Inside five years, you still have the opportunity to identify what you like and either stay in the category or make a move without much penalty. After that, you can still make a change, but you might end up taking a step back in your career to move into something different.
Bear in mind, there is quite a bit of flexibility in every category if you're creative about discovering the connections, but every career move is linked to the past by some particular type of experience you have had that the new employer needs. It is your challenge to create and articulate those links to hiring managers by extrapolating valid experience from one past job to what is required in a future role.
It is easier to go downstream than upstream
That may sound obvious to salmon, but it isn't always clear to marketers building their career. Most of the time, if you start your career at a top agency or brand, you have a whole lot more options when you're looking for the next job compared to starting somewhere small and trying to go big. Lots of small agency pitch teams are loaded with people who "used to work at [insert big agency or brand]."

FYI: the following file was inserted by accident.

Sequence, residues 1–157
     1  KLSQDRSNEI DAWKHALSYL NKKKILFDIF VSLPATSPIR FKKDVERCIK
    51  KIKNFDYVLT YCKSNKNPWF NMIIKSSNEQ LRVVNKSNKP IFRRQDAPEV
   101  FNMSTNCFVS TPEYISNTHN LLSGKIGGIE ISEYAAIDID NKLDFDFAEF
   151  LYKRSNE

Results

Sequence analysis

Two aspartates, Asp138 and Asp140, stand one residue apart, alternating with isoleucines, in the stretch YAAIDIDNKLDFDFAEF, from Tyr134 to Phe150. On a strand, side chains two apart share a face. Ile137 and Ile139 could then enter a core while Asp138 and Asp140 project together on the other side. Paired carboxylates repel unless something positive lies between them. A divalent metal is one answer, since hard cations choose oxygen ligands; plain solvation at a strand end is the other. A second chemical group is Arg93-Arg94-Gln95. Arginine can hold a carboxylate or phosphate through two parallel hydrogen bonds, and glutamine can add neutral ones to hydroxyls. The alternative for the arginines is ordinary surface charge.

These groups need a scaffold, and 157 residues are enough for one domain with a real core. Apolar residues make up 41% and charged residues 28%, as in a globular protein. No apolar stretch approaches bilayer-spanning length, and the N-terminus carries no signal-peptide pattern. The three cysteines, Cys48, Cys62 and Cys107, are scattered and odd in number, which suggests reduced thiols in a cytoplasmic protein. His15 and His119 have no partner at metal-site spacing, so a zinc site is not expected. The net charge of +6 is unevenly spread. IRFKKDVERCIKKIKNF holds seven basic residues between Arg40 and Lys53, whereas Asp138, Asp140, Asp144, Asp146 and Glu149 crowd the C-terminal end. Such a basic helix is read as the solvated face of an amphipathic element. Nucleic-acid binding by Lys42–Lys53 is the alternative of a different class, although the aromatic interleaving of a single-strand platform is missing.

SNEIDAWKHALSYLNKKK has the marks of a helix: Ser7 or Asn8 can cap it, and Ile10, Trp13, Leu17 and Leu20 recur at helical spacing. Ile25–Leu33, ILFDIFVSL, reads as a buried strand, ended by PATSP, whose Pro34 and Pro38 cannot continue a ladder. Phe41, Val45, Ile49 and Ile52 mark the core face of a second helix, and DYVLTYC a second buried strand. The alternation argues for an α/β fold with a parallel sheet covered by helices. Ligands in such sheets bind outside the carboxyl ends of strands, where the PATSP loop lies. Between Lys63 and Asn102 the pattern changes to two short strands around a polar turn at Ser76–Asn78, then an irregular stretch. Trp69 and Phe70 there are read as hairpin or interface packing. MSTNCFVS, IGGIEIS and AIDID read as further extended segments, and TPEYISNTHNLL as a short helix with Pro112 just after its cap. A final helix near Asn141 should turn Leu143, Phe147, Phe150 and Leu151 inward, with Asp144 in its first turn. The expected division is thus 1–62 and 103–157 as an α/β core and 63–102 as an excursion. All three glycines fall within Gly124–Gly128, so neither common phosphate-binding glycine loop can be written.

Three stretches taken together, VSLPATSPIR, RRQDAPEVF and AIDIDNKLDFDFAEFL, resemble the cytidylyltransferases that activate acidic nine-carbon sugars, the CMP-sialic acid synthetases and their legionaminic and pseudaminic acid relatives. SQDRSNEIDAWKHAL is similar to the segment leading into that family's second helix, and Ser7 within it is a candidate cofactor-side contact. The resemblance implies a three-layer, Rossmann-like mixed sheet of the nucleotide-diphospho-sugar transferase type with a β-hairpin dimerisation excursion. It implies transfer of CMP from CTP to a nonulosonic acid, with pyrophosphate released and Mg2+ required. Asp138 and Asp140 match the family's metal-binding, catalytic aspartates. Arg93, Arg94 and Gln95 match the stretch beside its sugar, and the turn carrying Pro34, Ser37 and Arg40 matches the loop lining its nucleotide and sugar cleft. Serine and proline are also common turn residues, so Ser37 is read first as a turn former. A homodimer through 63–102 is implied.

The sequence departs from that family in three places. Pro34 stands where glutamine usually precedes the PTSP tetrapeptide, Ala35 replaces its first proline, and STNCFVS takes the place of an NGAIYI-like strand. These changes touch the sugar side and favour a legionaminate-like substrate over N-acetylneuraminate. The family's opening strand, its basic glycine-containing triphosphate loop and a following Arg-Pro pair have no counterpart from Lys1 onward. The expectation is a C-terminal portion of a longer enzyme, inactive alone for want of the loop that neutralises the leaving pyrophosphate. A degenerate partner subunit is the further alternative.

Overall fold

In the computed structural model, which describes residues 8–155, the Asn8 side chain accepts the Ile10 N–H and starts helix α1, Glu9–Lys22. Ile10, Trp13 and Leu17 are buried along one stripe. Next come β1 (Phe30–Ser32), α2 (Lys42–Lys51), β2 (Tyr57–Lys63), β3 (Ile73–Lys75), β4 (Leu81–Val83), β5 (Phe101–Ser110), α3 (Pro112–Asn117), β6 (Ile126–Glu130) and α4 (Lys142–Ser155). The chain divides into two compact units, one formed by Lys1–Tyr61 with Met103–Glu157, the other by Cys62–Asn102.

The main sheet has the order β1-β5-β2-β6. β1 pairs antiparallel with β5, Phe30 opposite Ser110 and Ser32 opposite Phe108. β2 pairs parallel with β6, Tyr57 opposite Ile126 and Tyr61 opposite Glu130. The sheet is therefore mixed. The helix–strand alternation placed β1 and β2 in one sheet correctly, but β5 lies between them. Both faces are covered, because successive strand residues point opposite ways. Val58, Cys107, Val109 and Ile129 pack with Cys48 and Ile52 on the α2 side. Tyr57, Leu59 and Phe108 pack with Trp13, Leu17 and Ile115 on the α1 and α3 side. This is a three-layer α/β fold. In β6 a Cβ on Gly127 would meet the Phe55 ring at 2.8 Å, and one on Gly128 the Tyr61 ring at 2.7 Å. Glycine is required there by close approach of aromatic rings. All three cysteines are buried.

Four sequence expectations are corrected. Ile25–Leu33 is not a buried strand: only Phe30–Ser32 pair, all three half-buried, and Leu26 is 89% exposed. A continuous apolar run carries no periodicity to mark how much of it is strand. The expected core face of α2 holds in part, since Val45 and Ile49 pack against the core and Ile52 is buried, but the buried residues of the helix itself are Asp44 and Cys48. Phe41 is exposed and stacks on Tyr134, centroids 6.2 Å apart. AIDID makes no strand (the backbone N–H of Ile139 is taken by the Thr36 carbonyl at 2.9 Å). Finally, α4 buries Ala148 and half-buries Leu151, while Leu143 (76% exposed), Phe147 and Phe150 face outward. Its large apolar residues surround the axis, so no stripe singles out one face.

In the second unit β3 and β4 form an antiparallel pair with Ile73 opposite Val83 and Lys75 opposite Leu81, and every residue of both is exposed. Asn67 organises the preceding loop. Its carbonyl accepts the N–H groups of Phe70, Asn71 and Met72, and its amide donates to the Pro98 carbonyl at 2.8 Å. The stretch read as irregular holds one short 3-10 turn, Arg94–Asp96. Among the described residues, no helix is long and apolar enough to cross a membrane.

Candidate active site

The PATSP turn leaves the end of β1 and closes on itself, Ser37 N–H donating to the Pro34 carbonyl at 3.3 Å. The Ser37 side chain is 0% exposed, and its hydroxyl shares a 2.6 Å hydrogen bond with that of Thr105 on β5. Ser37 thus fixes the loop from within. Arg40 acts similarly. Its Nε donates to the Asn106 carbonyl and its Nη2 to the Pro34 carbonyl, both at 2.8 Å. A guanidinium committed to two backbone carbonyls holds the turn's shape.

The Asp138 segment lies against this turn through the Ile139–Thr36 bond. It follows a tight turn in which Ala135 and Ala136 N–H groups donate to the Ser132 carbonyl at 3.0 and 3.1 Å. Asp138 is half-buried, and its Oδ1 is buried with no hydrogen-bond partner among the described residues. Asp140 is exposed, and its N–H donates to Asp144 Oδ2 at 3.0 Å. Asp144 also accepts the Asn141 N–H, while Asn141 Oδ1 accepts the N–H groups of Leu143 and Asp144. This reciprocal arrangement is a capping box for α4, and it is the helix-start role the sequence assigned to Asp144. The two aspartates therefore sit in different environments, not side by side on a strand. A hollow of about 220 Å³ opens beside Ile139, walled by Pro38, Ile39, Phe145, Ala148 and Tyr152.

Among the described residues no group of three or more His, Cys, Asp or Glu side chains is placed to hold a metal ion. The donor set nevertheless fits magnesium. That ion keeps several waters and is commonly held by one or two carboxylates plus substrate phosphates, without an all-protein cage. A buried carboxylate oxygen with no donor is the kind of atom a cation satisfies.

You have more influence somewhere small than somewhere big
On the other hand, small agencies allow marketers to wear a lot more hats and therefore be exposed to a lot more aspects of the agency business. You can quickly see what you like and don't like as well as get a better view of the interoperation of functions. Functionally, it is often a lot harder to come from a big agency and work at a small agency for the simple reason that, at a big agency, you end up doing one small part of the overall work and rarely see, much less touch, other aspects of the work. Therefore, you may not actually know how to do a lot of the work that might be asked of you because "other people did that."
There is a lot that I've learned along the way in my career, and I hope that some of these resonate with those of you who've stuck around long enough to get to the end. I know that, for some, these may be reminders of past lessons learned, while, for those of you who are still in school, it might help you get a nice jump start on day one at the new post-grad job. In any case, feel free to comment and add some of your own advice for others. This can be a tough job, so we all could use a little help from those around us who are willing to share it.
Oh, and despite having passed my grammar class and test, please don't critique my grammar or liberal punctuation. Another thing I learned quickly since graduation: Good advertising does not necessarily require proper grammar. Think different, anyone?